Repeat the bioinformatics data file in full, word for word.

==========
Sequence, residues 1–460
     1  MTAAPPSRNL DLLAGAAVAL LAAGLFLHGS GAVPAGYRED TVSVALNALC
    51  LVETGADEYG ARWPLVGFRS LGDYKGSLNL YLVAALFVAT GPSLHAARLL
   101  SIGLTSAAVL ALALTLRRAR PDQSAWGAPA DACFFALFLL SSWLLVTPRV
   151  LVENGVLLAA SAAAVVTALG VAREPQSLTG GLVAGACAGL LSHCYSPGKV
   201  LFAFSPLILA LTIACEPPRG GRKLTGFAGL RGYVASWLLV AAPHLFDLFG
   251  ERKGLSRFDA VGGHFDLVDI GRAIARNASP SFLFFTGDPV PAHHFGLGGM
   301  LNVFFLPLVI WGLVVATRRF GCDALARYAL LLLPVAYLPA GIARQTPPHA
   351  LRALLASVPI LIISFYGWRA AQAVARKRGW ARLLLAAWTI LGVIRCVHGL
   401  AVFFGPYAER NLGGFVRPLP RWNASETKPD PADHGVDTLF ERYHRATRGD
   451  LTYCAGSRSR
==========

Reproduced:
Sequence, residues 1–460
     1  MTAAPPSRNL DLLAGAAVAL LAAGLFLHGS GAVPAGYRED TVSVALNALC
    51  LVETGADEYG ARWPLVGFRS LGDYKGSLNL YLVAALFVAT GPSLHAARLL
   101  SIGLTSAAVL ALALTLRRAR PDQSAWGAPA DACFFALFLL SSWLLVTPRV
   151  LVENGVLLAA SAAAVVTALG VAREPQSLTG GLVAGACAGL LSHCYSPGKV
   201  LFAFSPLILA LTIACEPPRG GRKLTGFAGL RGYVASWLLV AAPHLFDLFG
   251  ERKGLSRFDA VGGHFDLVDI GRAIARNASP SFLFFTGDPV PAHHFGLGGM
   301  LNVFFLPLVI WGLVVATRRF GCDALARYAL LLLPVAYLPA GIARQTPPHA
   351  LRALLASVPI LIISFYGWRA AQAVARKRGW ARLLLAAWTI LGVIRCVHGL
   401  AVFFGPYAER NLGGFVRPLP RWNASETKPD PADHGVDTLF ERYHRATRGD
   451  LTYCAGSRSR